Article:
Za’atari camp in Jordan is a case in point. When the camp was first built, aid operations were connected to the national electricity grid but no provisions were made for energy to households themselves. In order to power their homes and businesses, refugees therefore resorted to informally tapping into the grid through street lights and thus ramping up consumption to the extent that UNHCR (the UN Refugee Agency) was landed with an electricity bill of $8.7 million for 2014-15. The agency then cut informal connections and in response those running businesses bought in diesel generators, increasing reliance on fuel supplies as well as sources of local pollution. While a new system is now being implemented to ensure adequate access to energy for households and businesses at a more reasonable cost to the agency, greater foresight in the initial crisis planning process could have mitigated the financial and human costs.

The short-term nature of humanitarian responses is not just a product of the system but a reflection of the fact that governments and donors often remain reluctant to admit that refugee crises are anything but short-term emergencies. Most governments do not allow long-term infrastructural investment in settlements. In addition, communities living side-by-side with large refugee populations are often not much better off, and providing hi-tech facilities exclusively to refugees would be likely to breed resentment.

Budgeting in the humanitarian sector tends to be structured around donor funding time frames of one year or less. This means that agencies cannot justify capital investments in efficiency upgrades or renewable energy equipment that would have a payback period of several years. Where such investments have been funded by specific donations, they tend to be limited pilots that do not make provision for sustainable scale-up.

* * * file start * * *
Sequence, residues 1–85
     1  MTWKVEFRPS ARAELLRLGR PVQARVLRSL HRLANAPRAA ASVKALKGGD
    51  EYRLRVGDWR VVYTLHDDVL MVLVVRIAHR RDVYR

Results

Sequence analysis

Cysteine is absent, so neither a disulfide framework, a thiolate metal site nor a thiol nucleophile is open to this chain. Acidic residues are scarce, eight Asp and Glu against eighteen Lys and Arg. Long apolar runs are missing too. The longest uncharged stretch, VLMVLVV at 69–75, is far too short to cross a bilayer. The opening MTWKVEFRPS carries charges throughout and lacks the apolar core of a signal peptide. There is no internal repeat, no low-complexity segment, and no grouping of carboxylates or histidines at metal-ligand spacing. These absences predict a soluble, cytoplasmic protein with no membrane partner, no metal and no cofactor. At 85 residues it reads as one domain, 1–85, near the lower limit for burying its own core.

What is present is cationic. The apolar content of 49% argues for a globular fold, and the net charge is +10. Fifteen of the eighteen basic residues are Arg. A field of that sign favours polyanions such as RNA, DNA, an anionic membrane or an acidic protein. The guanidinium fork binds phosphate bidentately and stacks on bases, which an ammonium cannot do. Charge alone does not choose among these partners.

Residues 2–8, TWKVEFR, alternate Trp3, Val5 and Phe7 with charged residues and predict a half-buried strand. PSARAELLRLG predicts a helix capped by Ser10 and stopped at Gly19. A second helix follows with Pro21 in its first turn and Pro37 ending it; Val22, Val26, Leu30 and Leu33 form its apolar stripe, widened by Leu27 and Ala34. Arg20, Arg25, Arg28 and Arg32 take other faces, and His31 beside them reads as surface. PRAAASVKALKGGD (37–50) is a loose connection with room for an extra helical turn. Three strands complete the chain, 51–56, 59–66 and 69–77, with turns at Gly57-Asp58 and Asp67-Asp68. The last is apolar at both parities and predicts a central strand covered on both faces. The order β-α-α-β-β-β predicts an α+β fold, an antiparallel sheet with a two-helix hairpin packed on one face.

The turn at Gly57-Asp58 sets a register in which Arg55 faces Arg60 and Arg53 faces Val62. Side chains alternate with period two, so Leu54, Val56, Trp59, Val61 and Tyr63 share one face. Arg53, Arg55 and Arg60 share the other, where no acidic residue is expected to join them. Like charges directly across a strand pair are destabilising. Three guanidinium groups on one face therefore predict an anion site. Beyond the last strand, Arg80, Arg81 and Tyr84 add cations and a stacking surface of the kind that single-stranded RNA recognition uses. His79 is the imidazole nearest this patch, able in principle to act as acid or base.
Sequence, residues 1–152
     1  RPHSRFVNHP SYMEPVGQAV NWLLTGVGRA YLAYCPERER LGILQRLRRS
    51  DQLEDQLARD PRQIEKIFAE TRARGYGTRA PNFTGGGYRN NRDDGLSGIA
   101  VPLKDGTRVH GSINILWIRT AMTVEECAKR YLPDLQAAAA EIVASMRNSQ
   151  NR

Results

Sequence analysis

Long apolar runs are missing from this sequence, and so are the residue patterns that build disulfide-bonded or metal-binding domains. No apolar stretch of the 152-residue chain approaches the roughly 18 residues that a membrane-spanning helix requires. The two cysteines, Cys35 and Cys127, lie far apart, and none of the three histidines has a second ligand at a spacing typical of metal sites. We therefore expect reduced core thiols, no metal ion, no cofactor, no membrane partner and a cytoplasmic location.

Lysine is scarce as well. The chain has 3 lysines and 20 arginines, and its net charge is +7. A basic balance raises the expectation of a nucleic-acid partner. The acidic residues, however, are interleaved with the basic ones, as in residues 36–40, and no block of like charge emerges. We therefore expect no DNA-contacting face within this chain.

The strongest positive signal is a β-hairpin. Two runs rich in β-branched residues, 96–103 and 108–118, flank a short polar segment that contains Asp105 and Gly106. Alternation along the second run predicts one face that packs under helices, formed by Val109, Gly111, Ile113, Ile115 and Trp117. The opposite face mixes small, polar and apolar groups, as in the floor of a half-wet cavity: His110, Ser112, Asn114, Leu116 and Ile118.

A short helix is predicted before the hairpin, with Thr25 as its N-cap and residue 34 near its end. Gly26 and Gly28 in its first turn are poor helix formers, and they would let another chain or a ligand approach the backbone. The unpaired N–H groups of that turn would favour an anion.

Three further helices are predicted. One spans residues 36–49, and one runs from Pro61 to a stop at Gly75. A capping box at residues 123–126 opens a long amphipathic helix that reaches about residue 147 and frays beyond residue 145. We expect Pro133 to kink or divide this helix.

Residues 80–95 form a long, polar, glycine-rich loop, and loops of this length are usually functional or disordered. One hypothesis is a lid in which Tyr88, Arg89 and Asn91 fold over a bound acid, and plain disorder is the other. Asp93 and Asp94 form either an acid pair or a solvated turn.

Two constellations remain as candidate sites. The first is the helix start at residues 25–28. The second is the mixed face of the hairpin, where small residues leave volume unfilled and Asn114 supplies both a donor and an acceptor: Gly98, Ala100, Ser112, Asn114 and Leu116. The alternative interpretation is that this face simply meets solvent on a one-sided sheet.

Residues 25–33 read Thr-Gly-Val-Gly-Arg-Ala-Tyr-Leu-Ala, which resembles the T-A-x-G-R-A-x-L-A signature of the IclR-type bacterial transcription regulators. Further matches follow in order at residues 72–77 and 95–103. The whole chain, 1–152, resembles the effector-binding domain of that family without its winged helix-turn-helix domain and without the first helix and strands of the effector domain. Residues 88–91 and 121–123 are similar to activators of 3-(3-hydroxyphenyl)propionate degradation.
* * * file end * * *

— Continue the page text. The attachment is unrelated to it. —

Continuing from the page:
Bridging development and humanitarian modes

Key questions with regards to energy provision are thus also central to smoothing the transition from short-term humanitarian responses to national resilience, and ensuring that responses to crises do not hamper longer-term development. Development solutions aimed at improving energy provision have tended to focus on national energy access, neglecting those people who fall outside national strategies, such as displaced people. Energy provision in humanitarian response for the displaced has tended to coalesce around ad hoc distribution of products without provision for local market development and better quality services. Development actors and private sector companies working on energy access, whose expertise is crucial when it comes to designing viable energy systems, have valuable experience to contribute to meeting humanitarian challenges.